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Akron students will not have phones during the school day | #schoolsaftey


AKRON, Ohio — The Akron Public School Board voted in favor of providing locked cellphone pouches, called “Yondr” bags for all middle and high school students in the district. 


What You Need To Know

  • All middle and high school students in The Akron Public School district will be given Yondr bags for the 2023-2024 school year
  • The bags keep students’ phones locked away during school hours
  • The district hopes this will help cut back on violence during the school day  

The bags are used to keep a cell phone locked away for a certain period of time, and then students can open the bag at the end of the day with a magnet provided by the school.

Last school year, Ellet CLC was one of the few buildings in the district that received Yondr cell phone bags.

Students were given the magnetic locking bags to store their phones during the day. 

Don Zesiger, the director of security at Akron Public Schools, said he believes the bags will help cut back on violence in the schools.

“Staging fights then filming them was a big thing,” Zesiger said. “Social media, like bogus social media threats, are a problem as well so it creates this distraction throughout the day that causes anxiety for everyone.” 

Dylan Oprin is a rising senior at Ellet High School. He said he does not feel safe at school.

“I definitely don’t feel like I’m being protected by security or anything every day,” he said. “I feel like I am on my own basically, everyone is. I feel like toward the end of the year, like the second semester, I used to go into school and just be like paranoid, and I have never had paranoia.”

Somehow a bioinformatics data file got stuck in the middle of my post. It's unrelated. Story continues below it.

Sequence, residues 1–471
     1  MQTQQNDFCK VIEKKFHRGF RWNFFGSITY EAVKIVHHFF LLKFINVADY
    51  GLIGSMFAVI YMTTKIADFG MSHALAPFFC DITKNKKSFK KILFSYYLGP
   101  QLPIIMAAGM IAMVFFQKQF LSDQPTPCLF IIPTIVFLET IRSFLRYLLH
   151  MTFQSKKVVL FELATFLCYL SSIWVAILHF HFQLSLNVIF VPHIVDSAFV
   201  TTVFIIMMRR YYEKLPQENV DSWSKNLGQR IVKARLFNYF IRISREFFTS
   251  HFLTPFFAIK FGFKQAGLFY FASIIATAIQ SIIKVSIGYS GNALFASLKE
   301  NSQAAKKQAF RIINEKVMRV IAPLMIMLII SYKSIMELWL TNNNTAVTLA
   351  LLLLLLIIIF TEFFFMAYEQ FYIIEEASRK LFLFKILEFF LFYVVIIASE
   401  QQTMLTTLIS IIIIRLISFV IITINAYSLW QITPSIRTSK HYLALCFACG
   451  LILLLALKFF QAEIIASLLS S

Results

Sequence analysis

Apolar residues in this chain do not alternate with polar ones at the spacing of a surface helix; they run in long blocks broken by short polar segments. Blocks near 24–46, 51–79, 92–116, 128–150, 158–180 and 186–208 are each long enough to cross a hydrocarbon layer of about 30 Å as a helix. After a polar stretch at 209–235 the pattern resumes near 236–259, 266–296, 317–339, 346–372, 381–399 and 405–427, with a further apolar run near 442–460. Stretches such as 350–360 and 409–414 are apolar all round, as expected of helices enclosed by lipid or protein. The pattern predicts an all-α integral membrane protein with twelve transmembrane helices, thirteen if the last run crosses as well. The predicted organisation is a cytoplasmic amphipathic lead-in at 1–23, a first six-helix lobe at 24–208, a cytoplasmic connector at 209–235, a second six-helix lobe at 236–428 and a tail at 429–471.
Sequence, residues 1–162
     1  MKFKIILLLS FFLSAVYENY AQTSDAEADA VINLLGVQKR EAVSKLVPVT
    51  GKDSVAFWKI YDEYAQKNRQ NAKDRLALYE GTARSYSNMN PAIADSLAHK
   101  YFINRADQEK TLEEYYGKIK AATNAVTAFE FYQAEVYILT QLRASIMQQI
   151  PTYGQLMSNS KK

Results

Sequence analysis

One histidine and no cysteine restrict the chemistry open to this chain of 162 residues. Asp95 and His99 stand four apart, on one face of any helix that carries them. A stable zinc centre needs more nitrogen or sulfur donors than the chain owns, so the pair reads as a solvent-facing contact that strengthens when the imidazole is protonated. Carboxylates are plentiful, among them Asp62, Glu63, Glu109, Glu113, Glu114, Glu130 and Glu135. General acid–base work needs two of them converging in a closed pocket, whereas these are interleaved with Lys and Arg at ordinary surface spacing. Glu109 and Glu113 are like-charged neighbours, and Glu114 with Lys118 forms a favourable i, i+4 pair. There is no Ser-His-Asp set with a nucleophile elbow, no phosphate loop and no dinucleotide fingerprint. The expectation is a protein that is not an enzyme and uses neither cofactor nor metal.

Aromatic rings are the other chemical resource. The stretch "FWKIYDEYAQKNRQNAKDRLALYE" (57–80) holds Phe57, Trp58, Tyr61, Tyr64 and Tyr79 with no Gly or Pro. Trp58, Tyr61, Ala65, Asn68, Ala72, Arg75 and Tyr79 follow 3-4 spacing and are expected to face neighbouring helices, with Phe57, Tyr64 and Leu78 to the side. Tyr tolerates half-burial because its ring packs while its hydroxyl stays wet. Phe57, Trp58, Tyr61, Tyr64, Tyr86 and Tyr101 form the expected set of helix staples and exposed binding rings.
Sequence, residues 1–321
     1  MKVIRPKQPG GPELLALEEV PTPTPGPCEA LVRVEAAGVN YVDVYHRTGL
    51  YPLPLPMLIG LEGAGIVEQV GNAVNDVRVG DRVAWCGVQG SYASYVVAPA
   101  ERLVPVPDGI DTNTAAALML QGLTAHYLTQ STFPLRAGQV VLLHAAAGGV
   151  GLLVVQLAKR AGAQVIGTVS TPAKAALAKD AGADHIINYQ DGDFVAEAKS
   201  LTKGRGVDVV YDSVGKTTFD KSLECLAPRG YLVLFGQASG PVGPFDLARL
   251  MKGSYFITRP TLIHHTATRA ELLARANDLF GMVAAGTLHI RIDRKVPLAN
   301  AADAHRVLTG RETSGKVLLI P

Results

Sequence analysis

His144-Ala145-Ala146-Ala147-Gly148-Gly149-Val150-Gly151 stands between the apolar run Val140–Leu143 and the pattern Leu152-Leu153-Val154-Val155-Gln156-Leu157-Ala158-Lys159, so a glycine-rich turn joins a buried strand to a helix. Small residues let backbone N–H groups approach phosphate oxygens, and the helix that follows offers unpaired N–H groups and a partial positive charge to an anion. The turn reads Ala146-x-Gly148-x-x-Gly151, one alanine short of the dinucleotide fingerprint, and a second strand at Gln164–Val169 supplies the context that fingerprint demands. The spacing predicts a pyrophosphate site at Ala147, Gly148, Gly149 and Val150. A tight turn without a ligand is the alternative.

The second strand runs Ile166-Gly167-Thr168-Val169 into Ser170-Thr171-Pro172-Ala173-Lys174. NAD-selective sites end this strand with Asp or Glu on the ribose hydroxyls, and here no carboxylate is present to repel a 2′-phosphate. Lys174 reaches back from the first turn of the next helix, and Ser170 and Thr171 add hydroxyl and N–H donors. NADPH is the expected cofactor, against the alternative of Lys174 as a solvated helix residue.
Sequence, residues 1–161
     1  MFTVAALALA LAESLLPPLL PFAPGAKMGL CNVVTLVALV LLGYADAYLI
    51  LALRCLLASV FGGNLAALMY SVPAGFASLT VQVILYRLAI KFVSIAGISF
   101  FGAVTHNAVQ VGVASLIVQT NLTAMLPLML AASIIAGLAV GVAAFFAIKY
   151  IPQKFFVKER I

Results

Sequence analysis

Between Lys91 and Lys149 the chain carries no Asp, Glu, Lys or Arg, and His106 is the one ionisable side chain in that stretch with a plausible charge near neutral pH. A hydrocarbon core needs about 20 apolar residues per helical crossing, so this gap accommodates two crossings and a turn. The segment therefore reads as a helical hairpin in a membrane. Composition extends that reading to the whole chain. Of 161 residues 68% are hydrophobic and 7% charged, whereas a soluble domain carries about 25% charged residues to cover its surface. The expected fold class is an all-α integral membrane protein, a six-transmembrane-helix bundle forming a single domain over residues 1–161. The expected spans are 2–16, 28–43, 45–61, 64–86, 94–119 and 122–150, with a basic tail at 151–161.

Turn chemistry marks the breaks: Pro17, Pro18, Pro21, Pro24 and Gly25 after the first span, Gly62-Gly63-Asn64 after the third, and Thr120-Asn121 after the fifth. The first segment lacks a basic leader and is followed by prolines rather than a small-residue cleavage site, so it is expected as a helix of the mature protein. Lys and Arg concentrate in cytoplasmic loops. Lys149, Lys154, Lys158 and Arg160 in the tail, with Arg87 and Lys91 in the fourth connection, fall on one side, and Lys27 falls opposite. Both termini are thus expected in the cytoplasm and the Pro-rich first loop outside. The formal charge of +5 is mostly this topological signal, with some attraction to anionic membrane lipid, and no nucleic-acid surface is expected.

Oprin said although they only had the Yondr bags for the last half of the school year, he believes the bags helped cut back on violence and made some students more social. 

“I personally thought it wasn’t the greatest idea,” Oprin said. “But, when the year came to an end, I saw the change, so there is positive stuff that came out of it, but there is definitely a lot of negative too.” 

Zesiger explained that the students will be able to keep their Yondr bags, with their cellphones inside, on their person all day. 

“When you come to school in the morning, you would put your phone in the bag, and an administrator watches you do this,” Zesiger said. “You push this button and now it’s locked and you can’t open it. And at the end of the day, these are displayed so you can unlock your phone and it’s just like that and your phone is available.” 

Some students, like rising seventh grader Karter Gibson, believe they won’t feel safe in school without their phones. Gibson said his phone is how he keeps in contact with his family during the day. 

“I could get stabbed and I can’t talk, and no one would know I could just be in the bathroom,” Gibson said. “Well, what am I going to do if I have a Yondr package? I’m just going to sit there?” 

The bags are opened using magnets and while the schools have metal detectors; the students said it’s easy to open the Yondr bags on their own, even without using a magnet. 

“Everyone just pounds them, just a couple taps and it opens,” Oprin explained. “In the classroom and in the bathrooms, all you hear is ‘pop, pop, pop’ and it’s just the bag, it’s popping.” 

Zesiger, said if students are caught doing this they could face consequences. 

“There is some in-school suspensions, its progressive discipline, depending on how many times they do it the infractions get more severe,” Zesiger said.

Students cannot opt out of this program. 



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